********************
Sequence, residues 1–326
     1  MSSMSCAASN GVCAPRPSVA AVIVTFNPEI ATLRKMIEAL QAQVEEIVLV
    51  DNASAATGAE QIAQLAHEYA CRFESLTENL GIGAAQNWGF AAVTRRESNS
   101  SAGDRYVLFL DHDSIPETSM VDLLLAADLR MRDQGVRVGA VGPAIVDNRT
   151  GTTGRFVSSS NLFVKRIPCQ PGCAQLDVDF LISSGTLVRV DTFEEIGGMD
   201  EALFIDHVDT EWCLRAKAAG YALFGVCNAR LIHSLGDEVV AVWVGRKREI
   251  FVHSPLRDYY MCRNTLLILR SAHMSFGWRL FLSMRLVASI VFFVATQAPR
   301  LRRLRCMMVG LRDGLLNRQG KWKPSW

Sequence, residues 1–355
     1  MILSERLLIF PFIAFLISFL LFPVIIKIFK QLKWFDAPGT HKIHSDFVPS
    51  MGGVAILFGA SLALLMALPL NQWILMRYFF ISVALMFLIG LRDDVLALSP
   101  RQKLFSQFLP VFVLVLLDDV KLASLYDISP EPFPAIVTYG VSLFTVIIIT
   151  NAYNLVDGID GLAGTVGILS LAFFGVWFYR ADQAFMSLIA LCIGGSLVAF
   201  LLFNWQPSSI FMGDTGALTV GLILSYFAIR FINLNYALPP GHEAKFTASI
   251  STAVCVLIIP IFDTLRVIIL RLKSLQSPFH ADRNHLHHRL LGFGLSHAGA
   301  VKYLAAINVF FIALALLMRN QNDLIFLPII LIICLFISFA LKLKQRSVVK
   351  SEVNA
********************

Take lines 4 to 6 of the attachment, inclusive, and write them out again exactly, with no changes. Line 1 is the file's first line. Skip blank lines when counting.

   101  SAGDRYVLFL DHDSIPETSM VDLLLAADLR MRDQGVRVGA VGPAIVDNRT
   151  GTTGRFVSSS NLFVKRIPCQ PGCAQLDVDF LISSGTLVRV DTFEEIGGMD
   201  EALFIDHVDT EWCLRAKAAG YALFGVCNAR LIHSLGDEVV AVWVGRKREI